Coastal Taxis (01524 424 424) are a local firm.
As an old Victorian resort, Morecambe is lined with hotels and guesthouses, particularly along the seafront.
On Marine Road West, walkable to the ground via Regent Road, smart B&B The Balmoral is used by Morecambe FC to accommodate players while the Clarendon at No.76 (01524 410 180), in a large 19th-century building, has its own bar and restaurant.
Just off the seafront, Sunny’s Inn is a small, cosy and super-friendly B&B on West End Road, also walkable to the ground via Regent Road.
At a spectacular windswept site between sea and promenade, the most famous hotel in town is the Midland, an iconic Art Deco masterpiece refitted and reopened in 2007, with an upscale restaurant, rotunda bar and high-end spa. It’s a short walk across the car park to the bus terminus and the Nos.6 and 6A buses to the stadium.
More affordable, standard lodging options line the seafront, also accessible for the Nos.6 and 6A. These include the traditional Morecambe Bay Hotel, with a restaurant and late-opening bar, and fine views across the bay to the Lake District. The recently refurbished Travelodge, attached to the Arndale shopping complex in town, is also handy for the Nos.6 and 6A.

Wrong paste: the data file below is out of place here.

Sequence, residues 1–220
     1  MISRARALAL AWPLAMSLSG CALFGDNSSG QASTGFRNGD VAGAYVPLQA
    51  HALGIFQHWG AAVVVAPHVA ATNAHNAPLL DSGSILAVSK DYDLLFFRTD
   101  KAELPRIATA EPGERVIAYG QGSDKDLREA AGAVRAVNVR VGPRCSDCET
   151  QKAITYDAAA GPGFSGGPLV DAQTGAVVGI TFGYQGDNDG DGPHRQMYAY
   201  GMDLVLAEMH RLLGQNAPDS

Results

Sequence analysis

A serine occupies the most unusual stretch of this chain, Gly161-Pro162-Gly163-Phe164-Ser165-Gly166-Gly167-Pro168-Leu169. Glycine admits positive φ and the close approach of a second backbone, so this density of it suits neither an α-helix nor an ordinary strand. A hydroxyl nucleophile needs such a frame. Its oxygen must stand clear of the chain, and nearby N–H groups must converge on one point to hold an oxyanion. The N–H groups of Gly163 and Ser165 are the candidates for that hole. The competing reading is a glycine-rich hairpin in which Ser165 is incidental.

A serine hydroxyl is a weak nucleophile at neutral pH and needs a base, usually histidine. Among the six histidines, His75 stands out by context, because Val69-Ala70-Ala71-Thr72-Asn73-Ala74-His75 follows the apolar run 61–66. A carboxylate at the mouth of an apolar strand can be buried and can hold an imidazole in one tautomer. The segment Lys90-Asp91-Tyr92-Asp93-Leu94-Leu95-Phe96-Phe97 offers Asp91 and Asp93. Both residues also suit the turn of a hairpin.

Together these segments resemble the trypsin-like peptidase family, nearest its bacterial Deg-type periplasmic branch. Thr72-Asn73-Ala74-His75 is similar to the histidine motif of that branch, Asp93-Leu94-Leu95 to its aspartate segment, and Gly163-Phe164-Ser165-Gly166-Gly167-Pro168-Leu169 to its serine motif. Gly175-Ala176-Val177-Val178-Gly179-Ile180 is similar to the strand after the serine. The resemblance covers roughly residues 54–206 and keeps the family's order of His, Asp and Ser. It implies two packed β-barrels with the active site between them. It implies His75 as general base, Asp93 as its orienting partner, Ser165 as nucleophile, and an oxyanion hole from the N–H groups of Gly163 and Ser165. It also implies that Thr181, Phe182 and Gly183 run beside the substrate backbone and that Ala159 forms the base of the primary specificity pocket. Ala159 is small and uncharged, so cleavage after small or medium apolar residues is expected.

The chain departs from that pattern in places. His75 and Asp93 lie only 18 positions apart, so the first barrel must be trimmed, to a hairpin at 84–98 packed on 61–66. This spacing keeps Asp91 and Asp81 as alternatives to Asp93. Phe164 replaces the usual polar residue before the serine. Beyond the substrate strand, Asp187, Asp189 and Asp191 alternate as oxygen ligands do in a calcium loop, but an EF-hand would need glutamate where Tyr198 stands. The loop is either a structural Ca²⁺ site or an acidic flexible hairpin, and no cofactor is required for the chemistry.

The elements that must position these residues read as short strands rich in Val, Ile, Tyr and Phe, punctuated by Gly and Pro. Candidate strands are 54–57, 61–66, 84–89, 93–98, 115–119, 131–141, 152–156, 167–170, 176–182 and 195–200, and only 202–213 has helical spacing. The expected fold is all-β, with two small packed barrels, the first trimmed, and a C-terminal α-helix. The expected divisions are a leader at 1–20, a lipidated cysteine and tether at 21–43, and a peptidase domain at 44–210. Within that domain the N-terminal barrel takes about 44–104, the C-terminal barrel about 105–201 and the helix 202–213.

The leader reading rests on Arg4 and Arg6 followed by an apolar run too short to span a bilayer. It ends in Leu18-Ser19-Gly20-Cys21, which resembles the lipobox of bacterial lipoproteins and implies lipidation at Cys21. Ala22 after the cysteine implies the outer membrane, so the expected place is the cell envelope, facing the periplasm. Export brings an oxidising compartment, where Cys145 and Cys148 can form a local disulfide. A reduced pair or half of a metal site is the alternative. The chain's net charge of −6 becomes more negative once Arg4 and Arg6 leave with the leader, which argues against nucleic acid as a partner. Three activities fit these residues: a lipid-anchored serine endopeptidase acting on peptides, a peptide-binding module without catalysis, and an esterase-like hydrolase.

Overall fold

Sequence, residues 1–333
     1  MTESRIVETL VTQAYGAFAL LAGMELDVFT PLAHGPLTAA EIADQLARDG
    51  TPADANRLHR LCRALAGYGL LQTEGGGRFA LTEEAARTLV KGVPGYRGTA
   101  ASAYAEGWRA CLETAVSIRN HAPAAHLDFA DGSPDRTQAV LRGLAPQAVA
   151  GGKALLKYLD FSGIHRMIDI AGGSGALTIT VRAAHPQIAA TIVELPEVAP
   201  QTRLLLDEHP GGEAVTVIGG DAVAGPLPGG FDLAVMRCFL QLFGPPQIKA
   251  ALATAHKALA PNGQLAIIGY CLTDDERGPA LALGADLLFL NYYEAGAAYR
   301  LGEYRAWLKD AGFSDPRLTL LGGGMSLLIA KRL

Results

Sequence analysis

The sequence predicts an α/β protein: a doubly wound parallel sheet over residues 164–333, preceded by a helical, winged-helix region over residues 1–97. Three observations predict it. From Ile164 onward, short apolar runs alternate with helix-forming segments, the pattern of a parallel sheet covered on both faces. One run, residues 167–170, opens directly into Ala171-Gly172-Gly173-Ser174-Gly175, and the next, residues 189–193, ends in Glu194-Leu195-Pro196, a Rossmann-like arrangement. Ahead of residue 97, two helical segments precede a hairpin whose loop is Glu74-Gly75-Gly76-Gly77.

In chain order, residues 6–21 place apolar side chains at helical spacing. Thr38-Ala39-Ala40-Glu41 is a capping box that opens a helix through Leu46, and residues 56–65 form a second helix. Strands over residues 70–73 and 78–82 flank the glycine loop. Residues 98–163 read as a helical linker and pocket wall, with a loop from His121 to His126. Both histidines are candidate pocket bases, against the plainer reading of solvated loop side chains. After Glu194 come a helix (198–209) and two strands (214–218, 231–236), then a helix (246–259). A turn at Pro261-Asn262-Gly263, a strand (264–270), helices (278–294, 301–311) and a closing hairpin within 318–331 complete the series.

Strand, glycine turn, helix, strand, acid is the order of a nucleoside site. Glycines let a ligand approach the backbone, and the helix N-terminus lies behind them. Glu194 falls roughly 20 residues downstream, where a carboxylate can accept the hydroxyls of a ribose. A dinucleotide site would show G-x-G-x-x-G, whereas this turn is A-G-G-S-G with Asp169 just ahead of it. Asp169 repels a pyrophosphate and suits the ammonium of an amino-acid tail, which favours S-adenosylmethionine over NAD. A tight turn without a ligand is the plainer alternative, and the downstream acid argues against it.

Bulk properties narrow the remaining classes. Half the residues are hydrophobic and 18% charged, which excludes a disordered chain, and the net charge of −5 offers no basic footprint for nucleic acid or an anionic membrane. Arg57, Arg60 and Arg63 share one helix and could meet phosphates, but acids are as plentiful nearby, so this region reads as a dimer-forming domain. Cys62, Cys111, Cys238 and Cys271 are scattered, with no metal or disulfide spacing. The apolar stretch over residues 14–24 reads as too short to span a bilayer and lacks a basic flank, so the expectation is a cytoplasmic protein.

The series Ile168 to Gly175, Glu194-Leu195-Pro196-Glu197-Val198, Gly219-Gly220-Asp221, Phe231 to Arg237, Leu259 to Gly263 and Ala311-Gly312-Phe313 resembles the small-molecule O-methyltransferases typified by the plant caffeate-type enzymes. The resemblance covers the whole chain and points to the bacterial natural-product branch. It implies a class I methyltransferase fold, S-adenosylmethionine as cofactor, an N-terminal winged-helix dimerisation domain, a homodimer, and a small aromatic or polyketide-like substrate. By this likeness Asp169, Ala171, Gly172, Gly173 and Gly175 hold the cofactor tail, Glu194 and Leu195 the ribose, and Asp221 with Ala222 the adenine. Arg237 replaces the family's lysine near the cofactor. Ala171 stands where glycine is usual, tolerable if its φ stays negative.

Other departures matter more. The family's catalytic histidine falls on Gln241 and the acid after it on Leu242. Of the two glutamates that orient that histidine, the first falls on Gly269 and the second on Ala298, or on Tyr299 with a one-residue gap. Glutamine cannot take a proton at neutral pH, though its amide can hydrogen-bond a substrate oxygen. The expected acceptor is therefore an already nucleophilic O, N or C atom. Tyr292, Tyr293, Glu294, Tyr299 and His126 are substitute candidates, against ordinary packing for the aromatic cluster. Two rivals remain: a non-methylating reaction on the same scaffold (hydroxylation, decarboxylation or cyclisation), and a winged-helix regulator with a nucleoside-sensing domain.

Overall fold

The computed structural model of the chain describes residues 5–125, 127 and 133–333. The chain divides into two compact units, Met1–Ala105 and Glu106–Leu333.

By Heysham Golf Club in the nearby coastal village of Heysham, Port House is a contemporary guesthouse, ideal for a quiet weekend and/or hop over the Irish Sea to the Isle of Man. For Morecambe, take bus Nos.2, 2A, 2X or 4 to Morrisons, then the Nos.6 or 6A to the stadium – the rail service between Heysham Port and Morecambe runs only once a day.
Many pubs in Morecambe echo a different era. Sadly, the most notable, centuries-old Smugglers Den, has been looking for new owners since the summer of 2015. Near the bus terminus, handy for bus Nos.6 and 6A to the ground, the Station Promenade is set in the town’s old railway terminal, suitably grand in design. Today it’s more family-friendly eaterie than boozer, with a large soft-play area for kids.
Between the current station and the seafront, The Eric Bartholomew, the original name of the town’s most famous comedian, is the local Wetherspoon, also convenient for the Nos.6 and 6A.
Directly opposite Eric Morecambe’s statue, right on Marine Drive East, the King’s Arms has a sports bar and lounge upstairs, with giant HD projections, 3D and 42-inch plasma screens. Downstairs, hangover-killing breakfasts are served until noon, and main dishes until 8.45pm. Opening hours run until 3am on Fridays, 4am on Saturdays.
For cask brews, The Palatine is a CAMRA-awarded traditional alehouse, small, cosy and with decent food.
Further afield, the family-run Hest Bank Inn pub/eaterie in the village of the same name dates back to the 1500s. With a large beer garden, it’s on the banks of the Lancaster Canal, yards from the only the point where the main West Coast railway line touches seashore in its 200-mile route.
In delightful Heysham village just south of Morecambe, the old Royal Hotel has a rural feel, close to the ruins of St Patrick’s Chapel, site of medieval graves of Black Sabbath fame.